US Media Discusses The Armenian Genocide

BURBANK, CALIFORNIA –  KFI 640, a popular news/talk radio station hosted by Bill Handel on September 23 aired a live interview with Michael Bobelian, the writer of a new book titled  Children of Armenia: A Forgotten Genocide and the Century-long Struggle for Justice

The book chronicles the aftermath of the Armenian Genocide of 1915, and recounts a people’s struggle for justice in the face of a century of silence and denial.

During the interview, which was aired during the prime morning time slot, Bill Handel addressed both the efforts within the United States to ensure that the US government appropriately acknowledges the Armenian Genocide and Turkey’s ongoing denial.

Handel, a well known and nationally syndicated radio talk show host, has discussed the Armenian Genocide during past shows.

Commentary

Capitalism Run Amok Is Just Plain Capitalism

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16:37, January 17, 2015

By Markar Melkonian

The source of Armenia’s misery and humiliation, we often hear, is not capitalism per se, but rather “gangster capitalism,” “a broken system,” “capitalism run amok.”

The goal for the future, then, is to “fix the system,” to reform capitalism, to make it more like regular, pure, genuine Free Enterprise, the kind of capitalism that works. But what if Armenia’s actually existing capitalism already is genuine capitalism?

An economist once observed that the only existential meaning of “enterprise” in the term free enterprise is “whatever capitalists happen to be doing at the time”–and “free” is the accompanying demand that they be allowed to do it.

Ukraine: Cops Go After Casinos, Suggest Yanukovych Connection

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21:45, December 15, 2014

Ukraine’s ministry of internal affairs has launched a campaign against illegal casinos amid fears that a large network of underground gambling dens could be providing an income source for the son of the country’s disgraced former president Viktor Yanukovych.

The new crackdown on unlawful casinos – an ongoing scourge for law enforcement agencies in Ukraine since regulation was made stiffer with a 2009 law – was launched on Dec. 8 after an announcement on Minister of Internal Affairs Arsen Avakov’s official Facebook page.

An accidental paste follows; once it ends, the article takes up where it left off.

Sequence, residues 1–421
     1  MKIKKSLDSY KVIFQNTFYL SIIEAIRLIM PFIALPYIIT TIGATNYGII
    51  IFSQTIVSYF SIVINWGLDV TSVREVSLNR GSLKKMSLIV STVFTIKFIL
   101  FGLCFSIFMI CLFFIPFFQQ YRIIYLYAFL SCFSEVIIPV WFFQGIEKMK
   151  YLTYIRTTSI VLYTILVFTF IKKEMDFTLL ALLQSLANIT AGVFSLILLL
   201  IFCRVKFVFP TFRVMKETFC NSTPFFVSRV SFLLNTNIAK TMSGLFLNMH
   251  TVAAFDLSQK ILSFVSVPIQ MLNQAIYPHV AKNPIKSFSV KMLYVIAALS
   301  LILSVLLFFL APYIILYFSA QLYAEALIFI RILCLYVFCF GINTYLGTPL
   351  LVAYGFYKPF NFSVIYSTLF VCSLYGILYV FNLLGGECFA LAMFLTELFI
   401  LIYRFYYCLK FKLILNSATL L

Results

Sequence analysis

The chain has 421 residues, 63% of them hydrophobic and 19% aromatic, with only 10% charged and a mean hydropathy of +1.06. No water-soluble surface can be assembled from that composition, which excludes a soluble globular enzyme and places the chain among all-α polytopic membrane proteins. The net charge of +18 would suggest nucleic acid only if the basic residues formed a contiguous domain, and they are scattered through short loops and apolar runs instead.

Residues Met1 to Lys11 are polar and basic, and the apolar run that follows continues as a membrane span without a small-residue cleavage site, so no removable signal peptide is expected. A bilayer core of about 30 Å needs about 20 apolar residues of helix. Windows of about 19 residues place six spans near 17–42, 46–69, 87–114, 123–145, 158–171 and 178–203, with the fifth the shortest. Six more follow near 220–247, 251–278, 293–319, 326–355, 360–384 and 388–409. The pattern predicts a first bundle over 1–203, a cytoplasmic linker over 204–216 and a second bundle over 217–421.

Avakov, who keeps a lively and occasionally angry Facebook commentary on current affairs, pledged to put a complete stop to the establishments within ten days; first in the capital of Kyiv, then the rest of the nation.

Yerevan Calling: A Weekly Roundup of Random Musings from Armenia

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13:05, October 3, 2014

Here it is dear readers, the debut of a weekly column I hope to maintain on a regular basis.

It’s sort of a catch-all of news snippets, irreverent commentary, and personal observations on what’s happened during the week here in Yerevan, and throughout Armenia.. Hopefully, you’ll find it interesting, if not slightly diverting.

Your comments and suggestions are welcomed.

Regards – Hrant

Oct. 2 – Protests Throughout Armenia: A Game of Numbers & Solidarity

Three separate protest rallies took place in Armenia today.

As Hetq reported earlier, business owners in the town of Sevan kept their stores and factories shut to protest changes to the so-called volume (sales) tax. Local residents flocked to the bread factory to wait on line for a loaf or two.

China: President Takes Action Against High Ranking Corrupt Officials

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21:31, July 30, 2014

Zhou Yongkang, one of China’s most powerful former leaders, is under investigation in the highest-level corruption inquiry since the Communist Party came into power in 1949.

Under current president Xi Jinping’s anti-corruption campaign, the party’s Central Commission for Discipline Inspection is investigating Zhou for “serious disciplinary violations,” as the officialXinhua news agency reports. Media has not yet, however, specified the allegations against him.

The probe is an attempt to show the length to which Xi and the party will go in order to combat abuse of power reportsThe Wall Street Journal. 

A commentary published in the officialPeoples Daily makes the point that regardless of  an official’s rank or supporters, punishment will result for violating laws or the party’s discipline. 

Armenian Gangs: Caught between an Archetype and a Cliché

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19:15, July 12, 2014

By Marineh Khachadour

“The whole thing started with a scene straight out of a mobster movie. It was around 6 p.m. when more than a dozen men from two organized crime groups opened fire on each other in a North Hollywood parking lot. Witnesses say nearly everyone was armed, and the shootout quickly went mobile. The men took off in cars, exchanging fire as they weaved through the Whitsett Avenue traffic.”

Stories such as this are not unique to Armenians in the American press, but this investigative report recently published in the LA Weekly is about Armenian Power, the Los Angeles based Armenian gang that operates in the heavily Armenian populated communities of Glendale, Burbank, and North Hollywood.